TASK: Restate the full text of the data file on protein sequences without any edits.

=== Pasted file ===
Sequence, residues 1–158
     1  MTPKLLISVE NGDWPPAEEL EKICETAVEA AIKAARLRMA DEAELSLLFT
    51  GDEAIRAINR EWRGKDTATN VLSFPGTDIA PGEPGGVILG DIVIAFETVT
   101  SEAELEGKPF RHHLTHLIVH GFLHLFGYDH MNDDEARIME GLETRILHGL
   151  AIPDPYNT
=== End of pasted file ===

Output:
Sequence, residues 1–158
     1  MTPKLLISVE NGDWPPAEEL EKICETAVEA AIKAARLRMA DEAELSLLFT
    51  GDEAIRAINR EWRGKDTATN VLSFPGTDIA PGEPGGVILG DIVIAFETVT
   101  SEAELEGKPF RHHLTHLIVH GFLHLFGYDH MNDDEARIME GLETRILHGL
   151  AIPDPYNT